Pfizer will have to pay rebates to Medicare for five drugs under Biden plan to lower Rx costs
- Five of Pfizer's drugs will cost less for Medicare recipients starting next month as part of President Joe Biden's plan to lower prescription drug costs, the Department of Health and Human Services said.
- Pfizer's drugs are among the first set of 27 Part B prescription drugs that will be subject to Medicare inflation rebates starting April 1st.
- Pfizer's drugs include the blood thinner Fragmin, the chemotherapy injection Nipent, and two antibacterial drugs.
Five of Pfizer's drugs will cost less for Medicare recipients starting next month as part of President Joe Biden's plan to lower prescription drug costs, the Department of Health and Human Services said Wednesday.
Pfizer's drugs are among the first set of 27 Part B prescription drugs that will be subject to Medicare inflation rebates starting April 1, according to the department. That requires Pfizer and other prescription drug companies to refund Medicare through rebates because the prices for those drugs rose faster than the rate of inflation.
Pfizer's drugs include the blood thinner Fragmin, which was approved by the Food and Drug Administration in 1994. It also includes Atgam, a medicine used to treat symptoms of Renal Allograft and Aplastic Anemia, and the chemotherapy injection Nipent. Pfizer's antibacterial drugs Bicillin L-A, used for treating syphilis, and Bicillin C-R are also included. Both drugs are also used to treat upper respiratory infections.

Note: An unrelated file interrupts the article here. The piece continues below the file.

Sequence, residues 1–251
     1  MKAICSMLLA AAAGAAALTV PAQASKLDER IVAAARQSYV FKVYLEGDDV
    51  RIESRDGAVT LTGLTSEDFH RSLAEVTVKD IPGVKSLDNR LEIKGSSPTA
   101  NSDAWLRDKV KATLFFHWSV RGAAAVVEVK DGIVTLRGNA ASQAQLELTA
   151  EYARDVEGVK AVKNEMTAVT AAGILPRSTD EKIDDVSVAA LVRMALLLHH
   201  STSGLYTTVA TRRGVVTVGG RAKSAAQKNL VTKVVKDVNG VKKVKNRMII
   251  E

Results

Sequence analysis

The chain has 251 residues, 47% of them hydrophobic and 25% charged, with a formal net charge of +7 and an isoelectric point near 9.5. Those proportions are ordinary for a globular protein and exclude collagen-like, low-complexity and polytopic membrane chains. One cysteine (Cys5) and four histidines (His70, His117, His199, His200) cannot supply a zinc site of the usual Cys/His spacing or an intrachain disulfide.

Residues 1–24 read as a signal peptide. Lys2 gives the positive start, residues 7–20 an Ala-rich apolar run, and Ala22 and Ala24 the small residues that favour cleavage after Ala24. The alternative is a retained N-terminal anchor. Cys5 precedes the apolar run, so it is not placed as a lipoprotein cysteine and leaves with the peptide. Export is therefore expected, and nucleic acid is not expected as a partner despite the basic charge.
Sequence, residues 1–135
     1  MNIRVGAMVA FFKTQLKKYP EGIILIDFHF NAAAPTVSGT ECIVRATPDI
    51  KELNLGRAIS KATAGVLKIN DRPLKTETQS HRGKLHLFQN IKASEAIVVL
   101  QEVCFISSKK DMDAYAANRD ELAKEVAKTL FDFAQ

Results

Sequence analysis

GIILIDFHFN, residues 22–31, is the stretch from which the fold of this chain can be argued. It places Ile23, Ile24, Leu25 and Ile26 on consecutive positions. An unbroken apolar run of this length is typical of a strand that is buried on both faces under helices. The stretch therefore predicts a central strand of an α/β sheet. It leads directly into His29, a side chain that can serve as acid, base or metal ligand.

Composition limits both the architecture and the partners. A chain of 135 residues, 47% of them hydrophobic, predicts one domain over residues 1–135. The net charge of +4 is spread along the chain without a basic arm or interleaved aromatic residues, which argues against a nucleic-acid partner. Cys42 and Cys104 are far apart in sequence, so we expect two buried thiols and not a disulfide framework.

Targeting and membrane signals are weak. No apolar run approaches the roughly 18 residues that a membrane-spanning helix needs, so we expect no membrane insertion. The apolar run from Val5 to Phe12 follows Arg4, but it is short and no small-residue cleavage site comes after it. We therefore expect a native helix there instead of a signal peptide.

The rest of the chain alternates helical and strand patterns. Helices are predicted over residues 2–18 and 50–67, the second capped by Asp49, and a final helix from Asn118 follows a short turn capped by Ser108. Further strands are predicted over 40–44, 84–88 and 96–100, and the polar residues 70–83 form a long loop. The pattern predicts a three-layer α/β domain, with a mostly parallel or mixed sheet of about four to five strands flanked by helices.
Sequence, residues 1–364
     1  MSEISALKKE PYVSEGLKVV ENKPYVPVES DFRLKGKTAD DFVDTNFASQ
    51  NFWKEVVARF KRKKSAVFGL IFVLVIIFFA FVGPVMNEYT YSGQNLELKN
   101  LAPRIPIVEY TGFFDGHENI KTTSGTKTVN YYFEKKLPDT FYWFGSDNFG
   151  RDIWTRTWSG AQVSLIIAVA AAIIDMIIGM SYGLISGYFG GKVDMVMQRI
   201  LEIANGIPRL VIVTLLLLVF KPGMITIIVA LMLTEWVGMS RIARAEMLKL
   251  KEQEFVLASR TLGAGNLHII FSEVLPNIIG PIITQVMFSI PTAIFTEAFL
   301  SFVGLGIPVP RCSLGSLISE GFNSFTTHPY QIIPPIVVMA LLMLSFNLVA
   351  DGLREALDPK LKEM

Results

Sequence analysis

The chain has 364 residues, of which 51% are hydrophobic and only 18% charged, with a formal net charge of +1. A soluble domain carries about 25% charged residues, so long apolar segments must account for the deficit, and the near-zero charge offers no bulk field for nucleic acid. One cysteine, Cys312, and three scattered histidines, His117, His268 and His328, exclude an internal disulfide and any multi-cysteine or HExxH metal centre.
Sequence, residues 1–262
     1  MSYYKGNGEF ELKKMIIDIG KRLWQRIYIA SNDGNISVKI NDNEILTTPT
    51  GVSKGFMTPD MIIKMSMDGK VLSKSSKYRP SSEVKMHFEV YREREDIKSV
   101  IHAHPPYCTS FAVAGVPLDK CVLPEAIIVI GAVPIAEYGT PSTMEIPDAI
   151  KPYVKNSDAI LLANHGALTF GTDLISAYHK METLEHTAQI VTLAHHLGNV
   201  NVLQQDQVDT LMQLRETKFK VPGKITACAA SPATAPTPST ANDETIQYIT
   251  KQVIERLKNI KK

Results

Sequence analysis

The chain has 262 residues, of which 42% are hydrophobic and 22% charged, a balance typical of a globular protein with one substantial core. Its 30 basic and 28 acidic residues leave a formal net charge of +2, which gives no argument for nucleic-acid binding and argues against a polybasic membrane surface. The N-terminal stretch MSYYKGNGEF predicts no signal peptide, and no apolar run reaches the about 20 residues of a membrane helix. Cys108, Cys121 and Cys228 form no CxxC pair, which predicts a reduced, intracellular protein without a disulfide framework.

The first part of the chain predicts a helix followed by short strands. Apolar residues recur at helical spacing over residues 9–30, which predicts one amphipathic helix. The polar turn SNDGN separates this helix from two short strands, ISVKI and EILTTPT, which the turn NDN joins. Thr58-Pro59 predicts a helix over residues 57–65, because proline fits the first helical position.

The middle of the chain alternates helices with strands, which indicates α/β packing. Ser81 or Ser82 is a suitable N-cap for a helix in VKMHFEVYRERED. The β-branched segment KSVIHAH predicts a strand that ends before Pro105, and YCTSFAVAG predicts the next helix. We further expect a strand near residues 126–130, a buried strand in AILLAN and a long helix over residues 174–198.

Seniors could see their out-of-pocket costs for the drugs decrease by $2 to as much as $390 per average dose, the department said. The amount that Medicare beneficiaries will save depends on several factors, such as what their treatment protocol is and whether they have supplemental coverage.
The savings stem from a provision of the Inflation Reduction Act, which congressional Democrats passed last August. The announcement is also part of Biden's broader push to reduce healthcare costs for Americans amid stubbornly high inflation.
In addition to the rebates, the provision discourages other companies from hiking their prices at a faster rate than inflation in the future, the department said. An HHS report released in September 2022 found that the prices of 1,200 prescription drugs increased faster than inflation in 2021, one year before the IRA was signed into law.
Later this year, Medicare will start negotiating lower prescription drug prices for its beneficiaries.
"Already, millions of seniors are saving hundreds of dollars each per year because of the Biden Administration's actions, and President Biden is fighting to expand these cost savings to all Americans," the White House said in a statement.